Tuesday, 16 January 2018

Communism “Very Similar” to Christianity, Putin Claims

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The communist ideology responsible for the slaughter of more than 100 million people and the enslavement of billions over the last century is “very similar” to Christianity, claimed Russian strongman Vladimir Putin. The bizarre remarks, first reported by Kremlin-backed broadcaster RT, also suggested that the ideology of communism could be found throughout the Bible — an idea ridiculed by mainstream Christian theologians who view the murderous “ideology” as practically the antithesis of biblical morality. Finally, Putin likened mass-murdering dictator Vladimir Lenin's dead body lying in Moscow's Red Square to the veneration of Christian saints.

“Communist ideology is very similar to Christianity, in fact: freedom, equality, brotherhood, justice — everything is laid out in the Holy Scripture, it’s all there,” Putin claimed in an interview for the Russian documentary Valaam, parts of which were broadcast on Kremlin-owned television station Russia 1. “And the code of the builder of communism? This is sublimation, it’s just such a primitive excerpt from the Bible, nothing new was invented.” While acknowledging that during “those years of militant atheism,” “priests were eradicated” and “churches destroyed,” Putin claimed a “new religion was being created.”

Acknowledging that some people “might dislike” his remarks, the former KGB chief said “faith has always accompanied us, becoming stronger every time our country, our people, have been through hard times.” The “new religion” Putin referred to being created during those times was presumably whatever perverted form of “Christianity” and “communism” the Russian leader claims to believe resemble each other. There is some truth to his remarks, though — at least in Russia. After attempting to eradicate Christianity and the Russian Orthodox Church with barbarism, murder, and torture — and failing — the mass-murdering Soviet KGB that Putin served decided, instead, to try to hijack and neutralize the church.   

That hijacking extends all the way to the Russian Orthodox Church's present-day leadership. In 2009, Vladimir Mikhailovich Gundyaev, known today as Metropolitan Kirill, was chosen to serve as the “Patriarch of Moscow and All Russia,” the highest position of authority in the Russian Orthodox Church. Metropolitan Kirill took over after the death of Patriarch Alexy II, who led the ROC from 1990. Prior to his post at the head of the ROC, he was a longtime KGB agent code-named Drozdov, or “Blackbird.” All three of the candidates to replace Alexy II were also reliably identified as agents of the KGB/FSB, including Metropolitan Kirill, who ultimately got the job.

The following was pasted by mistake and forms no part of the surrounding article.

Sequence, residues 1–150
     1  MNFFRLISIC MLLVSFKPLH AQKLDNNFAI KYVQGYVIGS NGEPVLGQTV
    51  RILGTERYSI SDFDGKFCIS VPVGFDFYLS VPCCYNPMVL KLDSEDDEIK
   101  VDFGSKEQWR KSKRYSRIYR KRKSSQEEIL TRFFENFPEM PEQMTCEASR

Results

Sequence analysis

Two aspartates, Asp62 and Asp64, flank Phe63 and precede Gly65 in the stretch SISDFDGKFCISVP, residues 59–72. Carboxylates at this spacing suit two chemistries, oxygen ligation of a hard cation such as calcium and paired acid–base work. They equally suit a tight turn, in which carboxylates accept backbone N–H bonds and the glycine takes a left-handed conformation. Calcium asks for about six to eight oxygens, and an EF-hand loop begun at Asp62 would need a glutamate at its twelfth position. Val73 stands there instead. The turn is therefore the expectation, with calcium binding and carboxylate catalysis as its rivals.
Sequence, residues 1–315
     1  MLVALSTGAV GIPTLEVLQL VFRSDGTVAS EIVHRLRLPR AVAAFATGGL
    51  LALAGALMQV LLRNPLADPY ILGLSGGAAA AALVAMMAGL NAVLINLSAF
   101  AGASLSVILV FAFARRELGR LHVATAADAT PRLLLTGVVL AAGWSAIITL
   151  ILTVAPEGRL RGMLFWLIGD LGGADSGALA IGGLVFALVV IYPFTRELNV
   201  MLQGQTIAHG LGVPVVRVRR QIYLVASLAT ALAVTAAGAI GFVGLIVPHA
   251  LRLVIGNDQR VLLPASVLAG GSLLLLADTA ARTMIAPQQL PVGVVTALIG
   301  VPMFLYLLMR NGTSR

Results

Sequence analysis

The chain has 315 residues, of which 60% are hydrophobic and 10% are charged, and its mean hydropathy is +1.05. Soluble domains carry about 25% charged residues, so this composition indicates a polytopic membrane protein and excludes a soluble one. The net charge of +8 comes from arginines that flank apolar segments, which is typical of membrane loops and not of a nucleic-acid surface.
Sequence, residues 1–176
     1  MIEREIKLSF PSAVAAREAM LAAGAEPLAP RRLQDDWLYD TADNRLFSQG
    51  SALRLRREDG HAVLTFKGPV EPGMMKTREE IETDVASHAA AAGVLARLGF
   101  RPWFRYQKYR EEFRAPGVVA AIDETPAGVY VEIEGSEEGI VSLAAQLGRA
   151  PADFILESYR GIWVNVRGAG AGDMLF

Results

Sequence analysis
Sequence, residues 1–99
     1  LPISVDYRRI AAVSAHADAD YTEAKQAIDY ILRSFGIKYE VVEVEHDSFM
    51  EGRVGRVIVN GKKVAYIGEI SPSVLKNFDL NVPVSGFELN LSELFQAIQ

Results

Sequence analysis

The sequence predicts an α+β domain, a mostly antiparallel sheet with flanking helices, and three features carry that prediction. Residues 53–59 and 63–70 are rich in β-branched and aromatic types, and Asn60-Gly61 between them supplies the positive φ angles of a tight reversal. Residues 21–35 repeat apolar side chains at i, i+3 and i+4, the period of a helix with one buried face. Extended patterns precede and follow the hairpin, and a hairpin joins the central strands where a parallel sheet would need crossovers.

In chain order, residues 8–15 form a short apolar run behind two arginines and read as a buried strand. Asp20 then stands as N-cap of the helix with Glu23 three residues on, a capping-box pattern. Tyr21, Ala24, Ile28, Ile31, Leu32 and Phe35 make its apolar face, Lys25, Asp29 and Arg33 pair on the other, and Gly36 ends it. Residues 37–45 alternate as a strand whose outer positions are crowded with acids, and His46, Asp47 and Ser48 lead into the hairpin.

“According to material from the Soviet archives, Kirill was a KGB agent (as was Alexei),” explained Russia expert David Satter, a former Moscow correspondent for the Financial Times and the Wall Street Journal, in a 2009 article for Forbes. “This means he was more than just an informer, of whom there were millions in the Soviet Union. He was an active officer of the organization. Neither Kirill nor Alexei ever acknowledged or apologized for their ties with the security agencies.” With Putin and Kirill both tracing their careers back to the murderous KGB, their public affinity for each other should hardly be considered surprising.     

While the ROC is officially celebrated in Putin's Russia today, other Christian denominations have not fared so well. Under the guise of targeting “extremism,” the Kremlin has been cracking down on protestants, evangelicals, and more. In 2016, Moscow even adopted a law purporting to ban Christian evangelism anywhere outside of church buildings registered with the state. The law also purports to ban house churches and requires that missionaries seek and obtain government permits. A wide range of other draconian restrictions have also been imposed. And they have been widely condemned by Christians across Russia and around the world.

In an open letter, Russia’s Baptist Council of Churches, for example, wrote that the new religion regime would “create conditions for the repression of all Christians.” “Any person who mentions their religious view or reflections out loud or puts them in writing, without the relevant documents, could be accused of illegal missionary activity,” the Baptist Council warned. In an open letter to Putin, Sergei Ryakhovsky, head of the Protestant Churches of Russia, warned of even more terrifying implications. “Soviet history shows us how many people of different faiths have been persecuted for spreading the Word of God,” he said. “This law brings us back to that shameful past.”

If a communist-inspired, counterfeit Christianity is what the Kremlin wants, it even comes complete with its own “saint.” And in his comments, Putin literally equated putting the dead body of savage mass murderer Lenin on display in the heart of Moscow with certain Christian churches venerating their saints and martyrs. “Look, Lenin was put in a mausoleum. How is this different from the relics of saints for Orthodox Christians and just for Christians?” Putin asked, neglecting to mention that Christian saints served God and their fellow men while the bloodthirsty tyrant slaughtered his victims by the millions. “When they say that there's no such tradition in Christianity, well, go to Athos and take a look, there are relics of the saints there, and we have holy relics here.”

But at least one major group celebrated Putin's eerie comments claiming Communism and Christianity were practically one and the same, with RT reporting that the remarks were “music to their ears.” “I think these words of the president very effectively and reasonably smooth out the acute angles around the theme of the mausoleum,” said Deputy Chairman of the Duma Ivan Melnikov, who also serves as vice-chairman of the Communist Party. “Communists and all the leftist patriotic forces [in Russia] understand that communism is close to Christianity as much as the form of capitalism that exists in our country and our economy today is far from Christianity.”